HAMP Running Out of Qualified Borrowers to Rescue

by devteam May 18th, 2010 | Share

The Obama Administration has released April data for the HomernAffordable Mortgage Program (HAMP).

The number of homeowners who completed HAMP's mandatory 90 day trial period and were convertedrninto permanent load modification status rose 68,000 to 299,092 in April. This is a 13 percent increase over the number of permanentrnmodifications reported up until the end of March.

All of the borrowers who received permanent modificationsrnreceived a reduction in their loan interest rate; 53.4 also received anrnextension of the loan's term and 28.6 were given principal forbearance.

According to the report, lower monthly mortgage payments for borrowersin active trial and permanent modifications represent a cumulativepayment reduction of more than $3.1 billion to date. The median savingsfor borrowers in permanent modifications is $516.09, or 36% of themedian before-modification payment.

FHA Commissioner and HUD Assistant Secretary for HousingrnDavid Stevens said, “As the number of homeowners receiving permanentrnmodifications continues to increase, the Administration's comprehensiveeffortsrnare making an impact in the housing market's overall recovery.  Todaymortgage rates remain at historic lows,rnaround five percent; foreclosure starts are down 27 percent from lastyear thisrntime; and home prices and the pace of home sales have stabilized inrecentrnmonths.”

47,160 new borrowers had began trial loan modifications at the end of April. Of the 1,487,594 offers that were been extended, 1,214,085 borrowers have enrolled in the program.

In terms of the overall conversion rate, 20.1 percent of all offersextended have been converted to permanent loan modifications, muchimproved from last month's rate of 16.1 percent.

When measuringperformance against the number of HAMP trial offers that have actuallybeen accepted, 24.6 percent of homeowners who have completed the 3-monthrn period have been converted to a permanent modification. Again, much improvedfrom the 19.8 percent conversion rate reported in March.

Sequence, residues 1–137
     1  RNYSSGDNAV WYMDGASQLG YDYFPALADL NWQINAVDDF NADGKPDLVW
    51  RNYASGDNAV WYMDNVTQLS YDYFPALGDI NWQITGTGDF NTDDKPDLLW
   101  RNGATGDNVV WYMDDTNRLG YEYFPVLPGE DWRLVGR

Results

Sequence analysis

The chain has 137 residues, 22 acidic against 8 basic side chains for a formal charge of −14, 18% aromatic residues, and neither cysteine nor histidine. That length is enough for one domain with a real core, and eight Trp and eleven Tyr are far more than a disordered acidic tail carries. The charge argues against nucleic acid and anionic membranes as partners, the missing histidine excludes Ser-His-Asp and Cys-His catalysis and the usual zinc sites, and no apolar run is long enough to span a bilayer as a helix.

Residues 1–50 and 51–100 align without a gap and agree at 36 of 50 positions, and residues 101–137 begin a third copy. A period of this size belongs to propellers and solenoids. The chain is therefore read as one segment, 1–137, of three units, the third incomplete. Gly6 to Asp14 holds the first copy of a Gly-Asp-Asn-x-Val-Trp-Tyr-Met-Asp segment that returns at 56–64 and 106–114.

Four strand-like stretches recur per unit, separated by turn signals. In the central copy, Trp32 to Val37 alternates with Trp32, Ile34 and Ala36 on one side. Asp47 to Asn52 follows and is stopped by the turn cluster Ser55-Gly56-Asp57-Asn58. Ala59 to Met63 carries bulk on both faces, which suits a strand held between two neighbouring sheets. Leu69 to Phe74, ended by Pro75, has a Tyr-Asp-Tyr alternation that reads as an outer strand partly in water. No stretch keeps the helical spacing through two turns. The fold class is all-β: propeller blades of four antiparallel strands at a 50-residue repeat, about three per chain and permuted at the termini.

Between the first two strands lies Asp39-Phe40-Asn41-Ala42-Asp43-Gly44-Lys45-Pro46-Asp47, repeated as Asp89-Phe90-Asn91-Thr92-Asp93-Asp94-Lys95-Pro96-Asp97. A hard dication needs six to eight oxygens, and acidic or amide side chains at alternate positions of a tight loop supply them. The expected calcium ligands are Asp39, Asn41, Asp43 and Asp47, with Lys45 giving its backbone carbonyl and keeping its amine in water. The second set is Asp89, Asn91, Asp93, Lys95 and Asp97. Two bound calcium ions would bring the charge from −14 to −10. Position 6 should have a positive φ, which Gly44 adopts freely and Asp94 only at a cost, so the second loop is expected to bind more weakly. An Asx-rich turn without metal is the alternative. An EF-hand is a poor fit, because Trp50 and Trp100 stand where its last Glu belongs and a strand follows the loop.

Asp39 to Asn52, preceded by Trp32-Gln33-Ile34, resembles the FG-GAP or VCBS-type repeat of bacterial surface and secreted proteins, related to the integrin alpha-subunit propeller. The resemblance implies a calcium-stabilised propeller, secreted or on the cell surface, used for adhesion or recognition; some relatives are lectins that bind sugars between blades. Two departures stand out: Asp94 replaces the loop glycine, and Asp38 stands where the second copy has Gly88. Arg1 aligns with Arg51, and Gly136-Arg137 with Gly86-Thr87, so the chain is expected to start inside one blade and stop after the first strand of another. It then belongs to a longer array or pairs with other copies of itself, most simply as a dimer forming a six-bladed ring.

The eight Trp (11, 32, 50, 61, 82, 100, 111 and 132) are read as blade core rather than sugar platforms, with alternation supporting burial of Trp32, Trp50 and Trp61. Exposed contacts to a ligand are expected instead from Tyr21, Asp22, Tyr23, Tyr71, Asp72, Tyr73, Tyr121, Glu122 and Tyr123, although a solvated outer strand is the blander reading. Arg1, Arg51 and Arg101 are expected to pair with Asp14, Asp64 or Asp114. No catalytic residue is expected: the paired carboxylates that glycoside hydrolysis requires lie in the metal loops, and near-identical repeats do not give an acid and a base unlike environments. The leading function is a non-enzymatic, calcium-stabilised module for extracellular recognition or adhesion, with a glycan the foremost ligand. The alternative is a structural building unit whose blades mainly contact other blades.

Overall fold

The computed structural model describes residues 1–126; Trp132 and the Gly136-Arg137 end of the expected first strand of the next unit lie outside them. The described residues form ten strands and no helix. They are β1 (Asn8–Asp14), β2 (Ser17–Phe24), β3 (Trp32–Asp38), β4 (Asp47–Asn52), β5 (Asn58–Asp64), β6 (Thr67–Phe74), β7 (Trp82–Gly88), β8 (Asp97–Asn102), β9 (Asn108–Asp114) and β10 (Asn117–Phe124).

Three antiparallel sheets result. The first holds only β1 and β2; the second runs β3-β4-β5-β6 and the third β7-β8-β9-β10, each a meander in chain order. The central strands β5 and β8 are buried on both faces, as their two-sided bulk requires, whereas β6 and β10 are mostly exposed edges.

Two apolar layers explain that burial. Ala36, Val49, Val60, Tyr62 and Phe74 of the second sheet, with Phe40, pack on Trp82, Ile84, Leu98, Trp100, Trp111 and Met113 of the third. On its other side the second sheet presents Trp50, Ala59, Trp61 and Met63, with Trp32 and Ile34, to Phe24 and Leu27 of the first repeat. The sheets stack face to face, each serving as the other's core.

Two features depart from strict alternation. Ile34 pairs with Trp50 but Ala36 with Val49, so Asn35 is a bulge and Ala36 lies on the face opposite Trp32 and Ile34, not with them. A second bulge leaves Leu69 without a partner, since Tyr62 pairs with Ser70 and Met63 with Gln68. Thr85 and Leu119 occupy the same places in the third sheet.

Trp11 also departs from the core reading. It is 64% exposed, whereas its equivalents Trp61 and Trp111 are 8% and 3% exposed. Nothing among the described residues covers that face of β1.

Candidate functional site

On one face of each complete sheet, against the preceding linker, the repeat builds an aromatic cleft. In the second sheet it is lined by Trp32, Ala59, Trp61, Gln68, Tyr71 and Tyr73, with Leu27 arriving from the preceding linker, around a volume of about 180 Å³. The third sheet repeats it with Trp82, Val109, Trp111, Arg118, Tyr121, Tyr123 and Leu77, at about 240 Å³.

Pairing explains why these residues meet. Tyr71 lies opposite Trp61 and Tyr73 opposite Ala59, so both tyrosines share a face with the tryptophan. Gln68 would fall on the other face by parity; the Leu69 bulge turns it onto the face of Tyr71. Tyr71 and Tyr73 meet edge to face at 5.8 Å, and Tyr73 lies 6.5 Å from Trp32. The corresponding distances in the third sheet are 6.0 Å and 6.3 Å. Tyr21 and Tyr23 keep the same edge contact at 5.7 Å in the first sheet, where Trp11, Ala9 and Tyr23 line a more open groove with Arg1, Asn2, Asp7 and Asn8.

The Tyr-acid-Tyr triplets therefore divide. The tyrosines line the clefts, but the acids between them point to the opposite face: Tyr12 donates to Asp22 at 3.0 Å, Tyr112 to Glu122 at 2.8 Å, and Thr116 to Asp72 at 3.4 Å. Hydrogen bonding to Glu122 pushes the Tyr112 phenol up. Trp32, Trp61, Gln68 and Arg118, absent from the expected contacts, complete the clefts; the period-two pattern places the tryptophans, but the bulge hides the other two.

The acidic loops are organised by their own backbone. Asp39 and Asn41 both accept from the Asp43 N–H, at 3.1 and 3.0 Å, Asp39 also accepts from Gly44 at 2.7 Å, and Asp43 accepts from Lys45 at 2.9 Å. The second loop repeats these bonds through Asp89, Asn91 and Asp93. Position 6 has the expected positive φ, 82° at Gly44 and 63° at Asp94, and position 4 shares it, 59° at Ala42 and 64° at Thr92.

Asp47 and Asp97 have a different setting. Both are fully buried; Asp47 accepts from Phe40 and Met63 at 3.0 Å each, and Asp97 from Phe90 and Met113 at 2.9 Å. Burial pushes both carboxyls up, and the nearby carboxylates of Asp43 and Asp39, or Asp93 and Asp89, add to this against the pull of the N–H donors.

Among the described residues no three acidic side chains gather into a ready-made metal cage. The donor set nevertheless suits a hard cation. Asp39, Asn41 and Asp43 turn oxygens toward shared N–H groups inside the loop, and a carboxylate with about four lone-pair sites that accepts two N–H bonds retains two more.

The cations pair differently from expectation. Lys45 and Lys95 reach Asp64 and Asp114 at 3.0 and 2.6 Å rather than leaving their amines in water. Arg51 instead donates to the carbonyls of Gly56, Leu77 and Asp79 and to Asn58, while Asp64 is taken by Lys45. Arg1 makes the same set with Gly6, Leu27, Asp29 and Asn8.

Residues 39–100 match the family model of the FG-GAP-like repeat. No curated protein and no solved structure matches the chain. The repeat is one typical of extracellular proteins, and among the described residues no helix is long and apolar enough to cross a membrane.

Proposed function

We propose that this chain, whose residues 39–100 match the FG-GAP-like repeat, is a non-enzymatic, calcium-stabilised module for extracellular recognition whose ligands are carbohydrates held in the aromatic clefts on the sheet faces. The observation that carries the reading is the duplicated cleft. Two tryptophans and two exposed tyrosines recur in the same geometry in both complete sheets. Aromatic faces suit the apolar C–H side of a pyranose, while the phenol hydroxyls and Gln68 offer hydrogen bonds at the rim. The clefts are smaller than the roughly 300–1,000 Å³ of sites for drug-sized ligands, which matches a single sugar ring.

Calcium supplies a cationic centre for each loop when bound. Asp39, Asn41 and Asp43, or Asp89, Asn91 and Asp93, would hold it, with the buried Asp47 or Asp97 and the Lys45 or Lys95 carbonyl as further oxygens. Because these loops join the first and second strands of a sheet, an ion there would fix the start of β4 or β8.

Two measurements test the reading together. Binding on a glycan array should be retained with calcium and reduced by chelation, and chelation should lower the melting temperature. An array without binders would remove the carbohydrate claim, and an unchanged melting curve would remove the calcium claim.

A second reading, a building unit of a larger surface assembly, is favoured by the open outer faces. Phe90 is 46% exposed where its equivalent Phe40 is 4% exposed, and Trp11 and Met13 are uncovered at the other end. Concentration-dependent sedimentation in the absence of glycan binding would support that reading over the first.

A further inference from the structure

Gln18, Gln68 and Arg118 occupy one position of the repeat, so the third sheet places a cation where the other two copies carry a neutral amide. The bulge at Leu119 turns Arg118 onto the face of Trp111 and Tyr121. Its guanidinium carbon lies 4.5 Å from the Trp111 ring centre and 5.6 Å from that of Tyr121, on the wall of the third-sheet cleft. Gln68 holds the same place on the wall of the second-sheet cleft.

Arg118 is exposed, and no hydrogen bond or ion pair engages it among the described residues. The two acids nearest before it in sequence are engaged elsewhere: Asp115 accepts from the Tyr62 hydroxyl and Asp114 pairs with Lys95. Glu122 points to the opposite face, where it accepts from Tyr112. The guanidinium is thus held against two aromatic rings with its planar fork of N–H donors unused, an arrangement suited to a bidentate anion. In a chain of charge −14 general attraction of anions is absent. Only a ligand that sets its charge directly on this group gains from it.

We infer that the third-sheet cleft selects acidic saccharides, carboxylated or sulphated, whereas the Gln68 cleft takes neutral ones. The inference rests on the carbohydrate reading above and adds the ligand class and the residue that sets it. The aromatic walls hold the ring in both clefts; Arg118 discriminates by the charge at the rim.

The primary criticism of HAMP almost from the beginning hasrnbeen the low rate of loan modifications that were converted to permanentrn statusrnafter the mandatory 90 day trial program. rnWhile over 900,000 homeowners had entered the HAMP program by the end ofrn2009, fewer than 70,000 had been converted to permanent status.  It wasto be expected that conversions would tricklernin initially, but many loans seemed stuck in trial status.  

Since thefirst of the year, programrnadministrators have attempted to isolate the problems that were leadingto delaysrnand/or failures in conversion and have employed a number of measures toimprovernperformance.

“The number of homeowners receiving significant relief through a mortgage modification continues to rise,” said Chief of Treasury's Homeownership Preservation Office (HPO) Phyllis Caldwell. “Our focus now is on improving the homeowner experience and holding servicers accountable for their performance. Increased transparency through more robust reporting of servicer-specific data will contribute handily to those efforts.”

The April report unveils a new metric which gives servicer-specificrninformation on rates of borrower conversion from trial to permanentstatus.  The Treasury Department said that the datarnshows that there is wide variation among servicers in these areas,furtherrndemonstrating the need for transparency regarding servicerperformance.”  In fact, the data should make a couple ofrnservicers very uncomfortable.